The market is never 100% bullish or 100% bearish. There will always be some bullish factors and some bearish factors. Here’s what you should do when market signals conflict with each other. Remember that trading and investing is all about probability. There is no such thing as a “sure thing”.
Some signals will override other signals
Inexperienced traders will tally up the number of bullish factors and count that against the number of bearish factors.
- The trader will be bullish and go long when there are more bullish factors than bearish factors.
- The trader will be bearish and go short when there are more bearish factors than bullish factors.
This is not the proper way to trade when different market signals conflict with each other. This strategy implies that all market factors are equally important. This isn’t true. Different market factors should be weighted differently.
You should always rank the factors that you consider from most important to least important. For example, let’s assume that you consider 10 factors when trading or investing. You must rank these factors from Most Important to Least Important.
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Factors that are more long term tend to be more important than factors that are more short term. For example, weekly RSI (momentum indicator) is more important than hourly RSI. Fundamentals are more important than short term technical indicators because fundamental indicators impact the market’s long term direction.
Short term factors can easily be overwhelmed by short term market forces. For example, let’s assume that the long term factors are bullish but the short term factors are bearish. The market might not make a pullback at all if the market’s “buy the dip” mentality is strong enough right now!
What happens when it’s not clear whether there are more bullish factors or bearish factors? What if your list of signals looks like this?
- Signal #1: bullish
- Signal #2: bearish
- Signal #3: bullish
- Signal #4: bearish
- Signal #5: bearish
- Signal #6: bullish
- Signal #7: bullish
- Signal #8: bearish
- Signal #9: bullish
- Signal #10: bearish
This tends to happen after major consolidations when the market is deciding to breakout or breakdown. Too many signals conflict with each other.
Always focus on the one factor that is the most important for your market when the factors are neither decisively bullish nor bearish. For example, the U.S. economy is the most important factor for the U.S. stock market’s medium-long term direction. I will ignore the technicals and focus on the fundamentals if the economy is improving but the market’s technicals are bearish. Strong enough fundamentals can easily override bearish technicals. This is what happened in 1995 and 2017. The stock market was overbought throughout the entire year but the fundamentals were strong enough to override the bearish technicals.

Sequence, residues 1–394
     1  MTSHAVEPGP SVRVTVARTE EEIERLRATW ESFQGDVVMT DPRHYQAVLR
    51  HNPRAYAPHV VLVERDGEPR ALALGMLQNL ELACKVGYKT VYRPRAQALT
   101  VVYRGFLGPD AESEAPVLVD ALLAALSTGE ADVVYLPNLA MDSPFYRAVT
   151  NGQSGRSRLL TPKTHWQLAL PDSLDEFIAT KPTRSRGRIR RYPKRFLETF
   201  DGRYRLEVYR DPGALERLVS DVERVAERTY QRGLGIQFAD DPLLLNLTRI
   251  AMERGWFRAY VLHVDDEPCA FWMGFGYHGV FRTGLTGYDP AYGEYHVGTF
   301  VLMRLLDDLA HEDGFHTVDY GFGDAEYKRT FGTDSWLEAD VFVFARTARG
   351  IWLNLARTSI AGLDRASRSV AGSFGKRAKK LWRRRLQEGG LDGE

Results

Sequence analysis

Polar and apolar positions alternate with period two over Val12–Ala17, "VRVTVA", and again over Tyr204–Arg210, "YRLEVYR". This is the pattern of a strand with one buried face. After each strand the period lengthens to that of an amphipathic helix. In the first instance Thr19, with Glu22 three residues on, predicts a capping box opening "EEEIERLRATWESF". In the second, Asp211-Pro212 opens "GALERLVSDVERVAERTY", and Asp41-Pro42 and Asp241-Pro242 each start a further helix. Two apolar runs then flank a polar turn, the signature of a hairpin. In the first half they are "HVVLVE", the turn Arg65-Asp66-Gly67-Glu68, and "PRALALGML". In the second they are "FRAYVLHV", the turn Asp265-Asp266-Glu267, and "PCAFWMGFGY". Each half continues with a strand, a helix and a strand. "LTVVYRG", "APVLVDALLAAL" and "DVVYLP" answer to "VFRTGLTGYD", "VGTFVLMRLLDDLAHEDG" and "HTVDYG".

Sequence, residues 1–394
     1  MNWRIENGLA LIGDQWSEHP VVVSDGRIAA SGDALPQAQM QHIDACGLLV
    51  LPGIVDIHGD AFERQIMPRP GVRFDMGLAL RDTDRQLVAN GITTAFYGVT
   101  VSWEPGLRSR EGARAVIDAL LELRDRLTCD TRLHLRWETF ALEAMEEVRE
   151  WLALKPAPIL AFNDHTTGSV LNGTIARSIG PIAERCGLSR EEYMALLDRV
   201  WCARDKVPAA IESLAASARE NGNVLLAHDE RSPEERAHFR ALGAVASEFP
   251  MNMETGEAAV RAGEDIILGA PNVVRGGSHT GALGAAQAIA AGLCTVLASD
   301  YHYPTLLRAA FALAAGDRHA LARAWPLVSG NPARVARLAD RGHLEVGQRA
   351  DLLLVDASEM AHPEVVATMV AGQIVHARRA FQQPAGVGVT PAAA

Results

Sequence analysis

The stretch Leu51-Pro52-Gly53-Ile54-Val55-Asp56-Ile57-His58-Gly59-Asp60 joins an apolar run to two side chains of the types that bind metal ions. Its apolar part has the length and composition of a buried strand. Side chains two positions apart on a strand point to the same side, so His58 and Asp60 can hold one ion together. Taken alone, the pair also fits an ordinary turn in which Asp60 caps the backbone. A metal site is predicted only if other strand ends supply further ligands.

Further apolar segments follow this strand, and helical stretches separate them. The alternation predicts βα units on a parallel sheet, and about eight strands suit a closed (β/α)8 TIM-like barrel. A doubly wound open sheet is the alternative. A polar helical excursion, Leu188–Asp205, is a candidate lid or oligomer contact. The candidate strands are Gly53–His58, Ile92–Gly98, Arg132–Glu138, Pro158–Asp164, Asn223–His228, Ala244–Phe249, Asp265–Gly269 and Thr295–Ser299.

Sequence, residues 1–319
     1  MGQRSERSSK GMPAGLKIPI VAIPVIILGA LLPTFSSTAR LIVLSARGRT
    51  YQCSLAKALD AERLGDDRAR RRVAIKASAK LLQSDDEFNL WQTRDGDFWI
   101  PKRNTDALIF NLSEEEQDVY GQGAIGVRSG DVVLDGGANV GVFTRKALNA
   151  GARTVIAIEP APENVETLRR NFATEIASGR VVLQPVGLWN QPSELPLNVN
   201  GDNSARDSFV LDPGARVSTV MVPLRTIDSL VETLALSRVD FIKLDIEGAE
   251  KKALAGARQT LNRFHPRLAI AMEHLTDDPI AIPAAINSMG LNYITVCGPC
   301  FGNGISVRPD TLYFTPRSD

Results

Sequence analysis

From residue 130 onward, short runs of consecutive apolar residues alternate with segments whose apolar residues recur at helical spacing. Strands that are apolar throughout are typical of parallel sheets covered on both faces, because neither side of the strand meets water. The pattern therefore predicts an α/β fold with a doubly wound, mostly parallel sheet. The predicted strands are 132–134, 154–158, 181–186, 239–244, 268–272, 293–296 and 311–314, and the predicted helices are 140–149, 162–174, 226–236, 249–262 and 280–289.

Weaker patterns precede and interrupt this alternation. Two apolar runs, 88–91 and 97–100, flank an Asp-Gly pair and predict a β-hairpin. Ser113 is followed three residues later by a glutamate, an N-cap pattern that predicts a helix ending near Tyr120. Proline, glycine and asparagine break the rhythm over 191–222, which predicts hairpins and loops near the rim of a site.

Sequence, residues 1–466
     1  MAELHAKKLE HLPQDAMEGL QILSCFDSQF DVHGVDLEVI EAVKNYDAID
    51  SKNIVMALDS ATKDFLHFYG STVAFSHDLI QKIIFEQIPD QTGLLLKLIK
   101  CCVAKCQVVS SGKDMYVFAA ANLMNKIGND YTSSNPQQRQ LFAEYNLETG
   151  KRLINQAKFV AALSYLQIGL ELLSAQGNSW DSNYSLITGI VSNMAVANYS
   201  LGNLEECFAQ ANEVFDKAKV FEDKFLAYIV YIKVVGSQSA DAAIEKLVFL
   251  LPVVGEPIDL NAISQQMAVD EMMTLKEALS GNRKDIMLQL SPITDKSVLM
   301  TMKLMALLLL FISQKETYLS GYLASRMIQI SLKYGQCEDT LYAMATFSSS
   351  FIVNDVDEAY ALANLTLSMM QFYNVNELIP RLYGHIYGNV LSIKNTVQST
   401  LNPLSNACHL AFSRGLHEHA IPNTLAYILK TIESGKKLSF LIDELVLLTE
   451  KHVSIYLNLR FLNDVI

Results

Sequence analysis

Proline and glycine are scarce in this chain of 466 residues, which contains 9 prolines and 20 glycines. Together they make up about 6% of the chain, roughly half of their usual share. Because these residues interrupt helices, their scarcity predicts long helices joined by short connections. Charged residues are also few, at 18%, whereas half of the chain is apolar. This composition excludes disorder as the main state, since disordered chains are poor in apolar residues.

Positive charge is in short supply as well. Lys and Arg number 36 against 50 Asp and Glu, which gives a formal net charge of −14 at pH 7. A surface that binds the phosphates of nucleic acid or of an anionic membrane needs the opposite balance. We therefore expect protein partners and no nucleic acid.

Focus on risk reward
I cannot stress enough the importance of risk:reward. Risk:reward will help you trade when the market is sending you conflicting signals.
Let’s assume that 50% of the factors are bullish and 50% of the factors are bearish, but the risk:reward is heavily skewed towards the upside. Focus on the risk:reward. The stock market’s probability of going up or down is 50% each, but the market’s percentage movement (MAGNITUDE) is a lot higher if it goes up than if it goes down.
Here’s a simple example.
Nobody could have called the stock market’s exact bottom in March 2009. The stock market’s short term probability was 50-50. It was just as likely to go down as it was to go up. However, the economy was improving and the stock market was undervalued. Hence, the downside risk was limited while the upside potential gains were massive. The risk:reward was heavily skewed towards the upside. Anyone who traded purely based on probability would have been sitting on the sidelines while the market soared. Anyone who traded based on risk:reward would have made huge profits from the long side.
There’s no shame in staying in cash
There will always be times when the market is not convincingly bullish or convincingly bearish. You don’t have to trade during times like this! There’s no shame in staying in cash when your market outlook is unclear.
Remember, trading is about probability and risk:reward. It’s best to just not trade when the probability is 50-50 and the risk:reward favors neither side of the market. Otherwise you’d be rolling the dice.